Initially, Airbus launched three variants of the A350: A350-800 (275 seats), A350-900 (315 seats), and A350-1000 (370 seats). The key advantage of the A350 was its increased cabin width, which offered more space for airlines to work with, allowing for additional seats or improved passenger comfort through an increased pitch.

In 2009, the production of the first Airbus A350-900 began, and the aircraft had its inaugural flight at Toulouse-Blagnac Airport (TLS) on June 14, 2013. Peter Chandler, Airbus' chief test pilot, expressed his satisfaction with the flight, stating that "it just seemed really happy in the air" and that there were no major issues with the tests.

The composite-material fuselage of the Airbus A350 has always been the primary advertising power for the new aircraft. Photo: Simone Chellini/Airways

Main Objectives of the Airbus A350

The Airbus A350 was specifically designed to prioritize “unbeatable fuel efficiency.” To ensure this success, the fuselage and wings are made of composite materials primarily consisting of carbon fiber-reinforced polymers and aluminum, which were some of the most innovative components of the aircraft. Additionally, the new Rolls Royce Trent XWB engine has a 9.6:1 bypass ratio, which significantly reduces fuel burn.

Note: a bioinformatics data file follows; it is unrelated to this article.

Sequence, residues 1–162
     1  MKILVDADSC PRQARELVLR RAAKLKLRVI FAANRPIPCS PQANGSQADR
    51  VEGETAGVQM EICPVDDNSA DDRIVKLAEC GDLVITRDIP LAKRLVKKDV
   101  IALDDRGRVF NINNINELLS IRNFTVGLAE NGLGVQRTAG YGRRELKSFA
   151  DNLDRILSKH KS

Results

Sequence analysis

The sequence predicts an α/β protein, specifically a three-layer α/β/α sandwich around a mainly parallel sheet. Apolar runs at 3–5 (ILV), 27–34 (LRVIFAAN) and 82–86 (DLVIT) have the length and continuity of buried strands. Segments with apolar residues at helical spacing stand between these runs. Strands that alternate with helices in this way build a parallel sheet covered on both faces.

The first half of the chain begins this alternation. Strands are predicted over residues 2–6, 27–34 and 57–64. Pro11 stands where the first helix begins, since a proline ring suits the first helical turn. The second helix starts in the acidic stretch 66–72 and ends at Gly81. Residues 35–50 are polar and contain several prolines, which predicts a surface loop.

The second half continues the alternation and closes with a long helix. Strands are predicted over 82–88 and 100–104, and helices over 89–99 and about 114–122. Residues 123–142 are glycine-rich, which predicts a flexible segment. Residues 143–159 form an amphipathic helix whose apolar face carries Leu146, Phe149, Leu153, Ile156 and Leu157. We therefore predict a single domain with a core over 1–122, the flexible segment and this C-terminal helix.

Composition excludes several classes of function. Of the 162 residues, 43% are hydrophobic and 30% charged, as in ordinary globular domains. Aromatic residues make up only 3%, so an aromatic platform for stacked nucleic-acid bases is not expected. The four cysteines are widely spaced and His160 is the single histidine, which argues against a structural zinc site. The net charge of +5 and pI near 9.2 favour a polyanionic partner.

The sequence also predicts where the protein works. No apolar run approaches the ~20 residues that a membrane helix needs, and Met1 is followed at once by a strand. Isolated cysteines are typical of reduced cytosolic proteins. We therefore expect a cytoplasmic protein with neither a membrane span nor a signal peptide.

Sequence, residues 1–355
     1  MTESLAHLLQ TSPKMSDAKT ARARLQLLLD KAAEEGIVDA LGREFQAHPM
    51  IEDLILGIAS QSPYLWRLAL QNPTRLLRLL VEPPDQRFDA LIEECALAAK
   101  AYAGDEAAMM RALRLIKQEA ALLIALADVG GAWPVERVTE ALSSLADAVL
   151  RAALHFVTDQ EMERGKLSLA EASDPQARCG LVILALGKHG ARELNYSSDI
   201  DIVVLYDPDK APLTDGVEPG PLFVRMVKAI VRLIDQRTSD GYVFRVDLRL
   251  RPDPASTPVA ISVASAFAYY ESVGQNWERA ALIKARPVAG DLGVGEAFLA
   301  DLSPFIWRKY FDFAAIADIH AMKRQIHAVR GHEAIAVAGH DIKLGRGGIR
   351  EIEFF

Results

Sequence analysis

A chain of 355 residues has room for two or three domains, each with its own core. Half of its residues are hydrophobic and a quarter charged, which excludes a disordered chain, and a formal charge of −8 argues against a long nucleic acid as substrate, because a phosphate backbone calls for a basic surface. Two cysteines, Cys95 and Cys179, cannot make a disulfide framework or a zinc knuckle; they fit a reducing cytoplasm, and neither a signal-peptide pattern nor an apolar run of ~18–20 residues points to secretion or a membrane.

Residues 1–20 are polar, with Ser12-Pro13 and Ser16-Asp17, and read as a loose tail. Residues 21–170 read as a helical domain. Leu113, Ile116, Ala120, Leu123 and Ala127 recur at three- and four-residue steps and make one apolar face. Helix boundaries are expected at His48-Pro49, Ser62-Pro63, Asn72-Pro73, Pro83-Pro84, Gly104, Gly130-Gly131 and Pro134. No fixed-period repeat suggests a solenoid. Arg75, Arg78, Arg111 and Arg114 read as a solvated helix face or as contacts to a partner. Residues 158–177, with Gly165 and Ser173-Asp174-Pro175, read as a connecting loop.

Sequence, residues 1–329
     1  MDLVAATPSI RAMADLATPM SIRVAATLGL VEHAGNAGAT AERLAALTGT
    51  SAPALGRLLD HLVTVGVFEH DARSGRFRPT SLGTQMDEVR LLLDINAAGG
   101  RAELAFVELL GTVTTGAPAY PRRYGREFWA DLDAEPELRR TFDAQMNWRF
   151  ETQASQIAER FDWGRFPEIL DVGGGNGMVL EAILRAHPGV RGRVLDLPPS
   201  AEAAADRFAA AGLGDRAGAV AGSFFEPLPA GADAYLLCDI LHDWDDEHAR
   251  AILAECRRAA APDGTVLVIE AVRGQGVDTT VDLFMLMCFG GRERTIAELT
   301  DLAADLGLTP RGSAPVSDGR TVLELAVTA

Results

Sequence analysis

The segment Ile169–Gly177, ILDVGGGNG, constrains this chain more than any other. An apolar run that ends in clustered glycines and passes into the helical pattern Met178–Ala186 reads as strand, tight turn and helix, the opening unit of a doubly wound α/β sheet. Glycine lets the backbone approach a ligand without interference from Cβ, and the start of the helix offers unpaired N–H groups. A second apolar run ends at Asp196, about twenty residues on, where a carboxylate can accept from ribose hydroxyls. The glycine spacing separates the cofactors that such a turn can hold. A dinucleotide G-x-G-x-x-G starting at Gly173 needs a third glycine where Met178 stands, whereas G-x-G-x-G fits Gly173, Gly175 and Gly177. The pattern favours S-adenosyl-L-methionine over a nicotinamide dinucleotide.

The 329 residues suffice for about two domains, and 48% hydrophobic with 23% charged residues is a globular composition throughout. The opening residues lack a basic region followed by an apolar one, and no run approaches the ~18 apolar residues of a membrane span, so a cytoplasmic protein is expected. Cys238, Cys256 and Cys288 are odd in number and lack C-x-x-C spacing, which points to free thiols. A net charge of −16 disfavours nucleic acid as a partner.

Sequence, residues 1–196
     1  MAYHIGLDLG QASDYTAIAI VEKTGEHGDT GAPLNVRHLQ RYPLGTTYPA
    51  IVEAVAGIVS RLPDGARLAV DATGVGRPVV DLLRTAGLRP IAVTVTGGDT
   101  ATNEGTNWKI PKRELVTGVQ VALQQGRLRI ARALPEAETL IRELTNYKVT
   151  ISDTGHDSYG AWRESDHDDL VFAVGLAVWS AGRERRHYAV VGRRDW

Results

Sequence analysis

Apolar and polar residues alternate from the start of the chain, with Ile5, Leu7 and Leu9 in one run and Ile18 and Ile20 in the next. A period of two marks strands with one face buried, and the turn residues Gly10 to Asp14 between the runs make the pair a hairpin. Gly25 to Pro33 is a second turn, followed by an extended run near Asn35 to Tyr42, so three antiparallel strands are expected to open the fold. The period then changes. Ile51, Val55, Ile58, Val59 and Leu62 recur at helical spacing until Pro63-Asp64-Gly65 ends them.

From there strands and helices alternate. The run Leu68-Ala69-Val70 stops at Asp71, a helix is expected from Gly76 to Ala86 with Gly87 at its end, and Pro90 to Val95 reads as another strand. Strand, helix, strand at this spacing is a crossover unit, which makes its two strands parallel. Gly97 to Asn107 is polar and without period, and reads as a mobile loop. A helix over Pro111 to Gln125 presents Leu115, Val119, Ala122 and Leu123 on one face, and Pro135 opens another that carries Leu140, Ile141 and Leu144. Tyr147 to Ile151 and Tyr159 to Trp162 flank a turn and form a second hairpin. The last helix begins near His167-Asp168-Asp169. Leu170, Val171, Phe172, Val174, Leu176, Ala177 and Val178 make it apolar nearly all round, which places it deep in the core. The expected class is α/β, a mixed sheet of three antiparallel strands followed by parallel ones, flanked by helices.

In addition, the design team incorporated the latest technologies and aerodynamic advancements to optimize the wing design and reduce aerodynamic drag. For the first time, Airbus introduced “blended winglets” into the Airbus A350 family. This design feature was later also applied to the A330neo series.

All of these features, combined with the state-of-the-art avionics systems and revolutionary “fly-by-wire” concept, make the Airbus A350 XWB one of the most fuel-efficient airplanes available. It burns up to 25% less fuel than previous-generation aircraft.

Furthermore, the A350's "Xtra-Wide-Body" offers airlines the opportunity to revolutionize the passenger experience by implementing innovative concepts that increase passenger capacity without sacrificing customer comfort. This has enabled airlines such as Qatar Airways (QR), with its renowned QSuite Business Class seat, and Iberia (IB), with its recent "A350 Next" cabin, to realize their visions using this aircraft.